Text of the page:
The first of the lawsuits will happen in federal court, and will pertain to a 2010 crash that killed two people in a 2008 Camry. The families of the victims are suing Toyota, alleging that a defect in the Camry allowed it to speed up even when the driver slammed on the brakes. Toyota should have included a brake override system, says the family’s lawyers.
Judge James V. Selna in Santa Ana, California is overseeing most of these federal lawsuits, and believes that the wrongful death case will test evidence and liability theories for other similar cases. In legal parlance, this is known as a bellwether case.
Lawyers for a group of plaintiffs in the Toyota unintended acceleration case are challenging a NASA report that found the automaker was not at fault for the alleged issues that led to a massive recall of Toyota and Lexus vehicles.
The plaintiffs lawyers filed papers in a California court last week stating they intend to disprove the NASA report and show that Toyota is at fault. One filing by lawyer Steve Berman stated “Toyota asks this court to take judicial notice of findings and conclusions by NASA and NHTSA that are hotly disputed in this litigation. If this court took judicial notice of the disputed findings and conclusions, plaintiffs would be barred from challenging them in this litigation.” Among the points of contention were that NASA engineers only examined 280,000 out of 8 million lines of code, and a phenomenon known as “tin whiskers”, which have been known to interfere with commercial satellites.
If the case went to trial, it would not be until 2013.
[Source: Automotive News]
When Chrysler went through its unpleasant bout of restructuring in June of 2009, it shut down 789 dealerships in an effort to reduce its dealer network by 25%. Now, 64 of those dealers are filing suit against the United States Treasury Department, claiming that the government terminated those dealerships and violated the U.S. Constitution.
More specifically, the suit alleges that the government violated the Fifth Amendment–stating that property cannot be taken away and used for public purposes (restructuring a company run partially by taxpayer money) without adequate compensation–or in this case, $130 million in damages.
Toyota is asking a U.S. federal court judge to dismiss lawsuits related to the company’s unintended acceleration scandals, with the automaker claiming that the anecdotal evidence brought forward can’t accurately identify any specific defects.
More than 300 lawsuits have been brought against Toyota, with plantiffs alleging lost income, personal injuries and fatalities. A hearing is scheduled for September 19th in Santa Ana, California, to deal with the matter.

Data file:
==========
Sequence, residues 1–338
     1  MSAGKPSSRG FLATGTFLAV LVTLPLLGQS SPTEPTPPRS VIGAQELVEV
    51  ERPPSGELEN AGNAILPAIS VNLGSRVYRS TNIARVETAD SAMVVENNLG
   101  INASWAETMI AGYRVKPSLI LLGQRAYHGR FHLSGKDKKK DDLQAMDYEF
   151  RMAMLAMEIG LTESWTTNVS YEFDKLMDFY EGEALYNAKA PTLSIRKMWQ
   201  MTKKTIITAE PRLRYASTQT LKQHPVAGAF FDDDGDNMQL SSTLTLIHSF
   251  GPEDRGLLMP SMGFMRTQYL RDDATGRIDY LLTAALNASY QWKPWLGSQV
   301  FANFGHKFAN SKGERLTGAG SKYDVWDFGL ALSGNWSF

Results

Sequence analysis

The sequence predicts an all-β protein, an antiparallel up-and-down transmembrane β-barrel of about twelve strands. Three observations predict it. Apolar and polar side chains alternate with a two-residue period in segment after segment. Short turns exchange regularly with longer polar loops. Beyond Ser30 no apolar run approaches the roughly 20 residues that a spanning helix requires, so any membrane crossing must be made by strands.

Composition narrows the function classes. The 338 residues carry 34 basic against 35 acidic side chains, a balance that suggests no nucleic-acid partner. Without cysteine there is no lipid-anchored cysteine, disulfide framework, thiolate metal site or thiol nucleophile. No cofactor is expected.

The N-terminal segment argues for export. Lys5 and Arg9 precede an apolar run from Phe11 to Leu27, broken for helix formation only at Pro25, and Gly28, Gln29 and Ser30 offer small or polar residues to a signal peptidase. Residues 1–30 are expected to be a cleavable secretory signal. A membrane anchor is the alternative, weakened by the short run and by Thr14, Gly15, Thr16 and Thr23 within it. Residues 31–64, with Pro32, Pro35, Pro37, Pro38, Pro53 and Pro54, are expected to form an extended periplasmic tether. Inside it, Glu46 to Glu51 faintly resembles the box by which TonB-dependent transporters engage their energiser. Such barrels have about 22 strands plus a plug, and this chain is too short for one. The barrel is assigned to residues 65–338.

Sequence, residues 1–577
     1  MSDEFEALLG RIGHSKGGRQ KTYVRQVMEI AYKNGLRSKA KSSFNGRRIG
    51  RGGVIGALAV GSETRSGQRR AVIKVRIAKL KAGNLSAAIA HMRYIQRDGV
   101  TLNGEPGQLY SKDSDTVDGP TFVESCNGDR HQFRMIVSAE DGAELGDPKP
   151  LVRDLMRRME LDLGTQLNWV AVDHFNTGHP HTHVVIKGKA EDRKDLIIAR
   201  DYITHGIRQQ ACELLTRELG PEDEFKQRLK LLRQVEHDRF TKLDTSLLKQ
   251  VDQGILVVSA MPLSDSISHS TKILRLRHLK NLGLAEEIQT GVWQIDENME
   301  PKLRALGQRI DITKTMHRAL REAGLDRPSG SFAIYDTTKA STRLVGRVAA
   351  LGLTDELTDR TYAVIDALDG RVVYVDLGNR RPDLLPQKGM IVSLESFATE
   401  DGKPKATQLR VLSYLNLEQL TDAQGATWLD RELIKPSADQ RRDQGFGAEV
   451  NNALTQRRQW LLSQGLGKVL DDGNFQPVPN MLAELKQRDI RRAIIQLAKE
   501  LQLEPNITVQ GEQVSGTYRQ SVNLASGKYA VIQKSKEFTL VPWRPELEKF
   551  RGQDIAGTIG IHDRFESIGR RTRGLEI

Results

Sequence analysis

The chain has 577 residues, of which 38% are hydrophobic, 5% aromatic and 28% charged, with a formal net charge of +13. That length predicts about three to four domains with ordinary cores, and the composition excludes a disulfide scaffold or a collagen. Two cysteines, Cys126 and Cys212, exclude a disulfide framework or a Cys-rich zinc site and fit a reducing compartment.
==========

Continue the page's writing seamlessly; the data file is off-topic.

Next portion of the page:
Toyota filed papers in court Monday stating“Plaintiffs infer negligence and strict liability on the part of Toyota based on unsubstantiated circumstantial information.”
In the past, if you haven’t been picky about the rental car you’re driving, perhaps you should be. You may be surprised to learn that your rental has been recalled – so why is it still on the road?
This information comes to use via ABC News, which reports these findings after a recent lawsuit against Enterprise. The case in question involved the death of two California women who were killed after their rental Chrysler PT Cruiser caught fire and struck an oncoming semi. Unexpectedly, Enterprise came out and admitted that the company routinely rents out vehicles that are under recall and haven’t been repaired. The PT Cruiser was recalled in September of 2004, because there was a chance that the power steering unit could leak, causing an engine fire.
Even though they received the recall notice a month before, Enterprise rented the vehicle to Raechel Houck, 24, and her sister, Jacquie, 20, who were on their way to visit their parents. In this case, a jury awarded the Houcks a $15 million settlement.
In further testimony, it was revealed that Enterprise often rents out vehicles under recall, and that the company has no standing policy against doing so. ABC News also indicates that other major companies like Hertz and Avis also carry out the same practice.
“When demand called, we rented out recalled vehicles, it happened, I won’t lie,” said Mark Matias, a former Enterprise area manager in San Francisco. “If all you have are recalled vehicles on the lot, you rent them out. It was a given. The whole company did it. Enterprise’s corporate offices look the other way regarding this fact.”
Other Enterprise executives testified that there was no company-wide policy requiring cars under recall to be held back from rental.
Watch the ABC News video report after the jump.
Well it ever get here? Based on the latest scuttlebutt regarding the U.S. launch of Mahindra’s compact pickup, it’s looking less likely with each passing day. Global Vehicles USA, the licensed distributor for Mahindra vehicles in this country has filed a lawsuit against the Indian manufacturer for repeated delays in bring the trucks over, which is costing Global a pretty penny, since GV has already signed up approximately 350 dealers and spent nearly $35 million in preparation for launching the Mahindra pickup Stateside.
According to Mike Geylin, spokesman for GV USA, Mahindra has repeatedly dragged its feet regarding the launch date and the lawsuit “seeks to compel the Indian company to honor it’s contractual obligations and begin shipping [the vehicles] pursuant to existing and long standing orders placed by Global Vehicles on behalf of its dealers.”
Mahindra spokesman Pawan Goenka stated that “we are going as per (our) original plan for the launch of the pickup truck (December 2010), but can’t say on the actual time of the launch as it will depend on the outcome of the litigation.” The soap opera continues…
[Source: Pickup trucks.com]